The need for literacy and education activities became apparent, from the initial experience of Rural LINC in technology transfer in poor communities at the pilot site (Morong, Bataan). Based on the Morong experience, Dr. Cruz drafted a framework for a holistic approach to the empowerment and development of poor and indigenous communities. The holistic approach involves four interrelated activities: education, preservation of cultural heritage, establishment of sustainable livelihood and improvement of health status. The teaching strategy employed by the Rural LINC Program has evolved according to the response of the communities. A most effective strategy is the Learning-Is-Fun session for elementary and high school students. Rural LINC has a small dormitory to bring the Ayta High School students closer to school, where there are three resident volunteer tutors who guide the Ayta students. For the first time in several years, an Ayta assisted by Rural LINC obtained a high school diploma in April 2005.

Dr. Cruz also aimed for a Linking university students to poor rural communities so in 2002, educational institutions started implementing the provisions of the National Service Training Program (NSTP) aimed at enhancing civic consciousness and defense preparedness in the youth be developing the ethics of service and patriotism. One of the three program components is the one-year Civic Welfare Training Service (CWTS) course that undergraduate students can take as an alternative to ROTC. Although the Marine Science Institute is not required to teach CWTS, Dr. Cruz decided to offer CWTS course geared toward the development of awareness and concern for biodiversity and conservation of watershed areas in poor rural communities. The course has attracted students from different collages since it was first offered in the second semester of AY 2004-2005. The community interactions provided by the course through the Rural LINC Program has had a significant impact on the attitude and outlook of students as shown in the poster presented at the PAASE meeting in January 2005 and their comments on the course offered in the first semester of AY 2005-2006.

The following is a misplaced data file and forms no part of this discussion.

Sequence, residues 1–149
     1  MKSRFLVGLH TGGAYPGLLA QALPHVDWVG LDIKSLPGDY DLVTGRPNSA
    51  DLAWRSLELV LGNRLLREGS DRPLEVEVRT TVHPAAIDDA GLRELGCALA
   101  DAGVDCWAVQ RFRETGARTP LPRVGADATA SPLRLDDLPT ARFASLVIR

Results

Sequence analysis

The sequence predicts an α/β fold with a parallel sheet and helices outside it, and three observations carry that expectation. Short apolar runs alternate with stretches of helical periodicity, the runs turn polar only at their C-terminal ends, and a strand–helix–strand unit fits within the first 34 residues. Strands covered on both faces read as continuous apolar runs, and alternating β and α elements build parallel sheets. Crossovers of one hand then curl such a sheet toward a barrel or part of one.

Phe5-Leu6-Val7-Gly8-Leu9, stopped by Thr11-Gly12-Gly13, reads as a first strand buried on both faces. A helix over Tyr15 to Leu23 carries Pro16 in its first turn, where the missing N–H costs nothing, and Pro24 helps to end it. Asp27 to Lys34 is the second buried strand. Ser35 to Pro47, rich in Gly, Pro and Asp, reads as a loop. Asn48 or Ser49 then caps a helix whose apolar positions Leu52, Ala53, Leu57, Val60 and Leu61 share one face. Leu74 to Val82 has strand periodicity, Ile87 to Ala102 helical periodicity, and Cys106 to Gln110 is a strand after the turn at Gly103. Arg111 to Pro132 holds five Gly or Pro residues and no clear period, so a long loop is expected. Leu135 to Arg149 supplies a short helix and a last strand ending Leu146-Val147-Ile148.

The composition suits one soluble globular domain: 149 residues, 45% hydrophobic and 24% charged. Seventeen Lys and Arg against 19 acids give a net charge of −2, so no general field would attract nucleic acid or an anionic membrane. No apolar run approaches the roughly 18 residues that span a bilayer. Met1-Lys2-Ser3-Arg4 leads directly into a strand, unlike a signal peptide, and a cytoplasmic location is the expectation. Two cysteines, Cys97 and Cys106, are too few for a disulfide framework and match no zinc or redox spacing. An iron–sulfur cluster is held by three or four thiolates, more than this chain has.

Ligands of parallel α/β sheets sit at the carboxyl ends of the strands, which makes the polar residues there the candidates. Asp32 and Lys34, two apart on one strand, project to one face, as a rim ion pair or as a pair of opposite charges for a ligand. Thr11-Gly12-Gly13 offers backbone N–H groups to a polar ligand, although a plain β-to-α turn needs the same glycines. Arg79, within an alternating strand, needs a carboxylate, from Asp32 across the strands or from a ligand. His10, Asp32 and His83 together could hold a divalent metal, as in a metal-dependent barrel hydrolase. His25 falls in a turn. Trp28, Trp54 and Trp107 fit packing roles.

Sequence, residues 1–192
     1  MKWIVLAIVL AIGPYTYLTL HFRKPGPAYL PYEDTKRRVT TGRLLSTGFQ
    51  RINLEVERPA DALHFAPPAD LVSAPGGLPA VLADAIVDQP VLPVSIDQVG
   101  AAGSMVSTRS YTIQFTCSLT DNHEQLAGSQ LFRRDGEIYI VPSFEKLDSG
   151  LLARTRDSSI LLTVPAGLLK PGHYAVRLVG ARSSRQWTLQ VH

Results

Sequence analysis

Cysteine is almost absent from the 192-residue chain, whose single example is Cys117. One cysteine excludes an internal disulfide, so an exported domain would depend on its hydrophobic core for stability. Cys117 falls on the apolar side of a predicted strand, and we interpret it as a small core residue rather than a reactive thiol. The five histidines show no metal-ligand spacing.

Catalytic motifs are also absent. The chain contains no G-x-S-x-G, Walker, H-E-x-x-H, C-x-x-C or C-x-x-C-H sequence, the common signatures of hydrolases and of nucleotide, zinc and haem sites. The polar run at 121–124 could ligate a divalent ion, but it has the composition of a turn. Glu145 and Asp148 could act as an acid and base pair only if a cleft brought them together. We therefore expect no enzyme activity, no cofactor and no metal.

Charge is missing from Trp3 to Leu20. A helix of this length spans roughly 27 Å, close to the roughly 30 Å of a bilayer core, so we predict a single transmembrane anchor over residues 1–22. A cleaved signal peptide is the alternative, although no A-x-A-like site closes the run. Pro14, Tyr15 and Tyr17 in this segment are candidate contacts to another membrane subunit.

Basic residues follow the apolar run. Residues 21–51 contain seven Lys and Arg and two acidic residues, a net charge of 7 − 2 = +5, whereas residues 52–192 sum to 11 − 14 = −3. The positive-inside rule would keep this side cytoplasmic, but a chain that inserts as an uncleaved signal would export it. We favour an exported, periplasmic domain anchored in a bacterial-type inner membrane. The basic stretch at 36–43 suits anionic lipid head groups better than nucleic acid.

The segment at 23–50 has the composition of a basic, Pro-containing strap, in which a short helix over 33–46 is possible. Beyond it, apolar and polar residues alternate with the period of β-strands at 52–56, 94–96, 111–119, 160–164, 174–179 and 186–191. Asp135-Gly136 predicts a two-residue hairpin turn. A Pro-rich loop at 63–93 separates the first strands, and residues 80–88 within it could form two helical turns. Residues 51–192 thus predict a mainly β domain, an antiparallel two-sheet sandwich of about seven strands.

On the other hand, Dr. Olivera is a well-known biochemist and molecular biologist. Recently, he was given the NSF Alumnus Award by Caltech where he obtained his PhD in Chemistry. In recognition of his expertise and accomplishments, he was appointed as member of the US NIH council and served grants, proposals and education programs funded by NIH. Very recently, he was appointed as reviewer of proposals. He also served Harvard as a member of the Committee that reviewed the accomplishments of the university's Molecular Biology Department. As a postdoctoral fellow of Robert Lehman in Stanford, he first isolated DNA ligase, and important enzyme in the synthesis of DNA. He continued work on pyridme nucleotides and characterized properties of DNA polymerase before he shifted to the study of Conus venoms. Under his leadership, the conus program progressed rapidly in discovering numerous peptides by a combination of chemical and molecular approaches. His keen observation and expertise in the taxonomy of marine gastropods, particularly conus, provided insights that lead to the elucidation of the mechanism of action and function classification of the neuroactive conus peptides into families and superfamilies. Several peptides discovered by his group are now in various phases of clinical trials as very specific drugs for pain, epilepsy and other disorders of the nervous system.

Through the Conus project, Dr. Olivera has trained PhD graduates who are currently teaching in UP and De La Salle. Other Filipinos trained in Dr. Olivera's laboratory include MS students, research assistants and faculty members of UP. Dr. Olivera continues to help promote Philippine science through research collaboration with Acd. Lourdes J. Cruz of the UP Marine Science Institute and the training of Filipino researchers.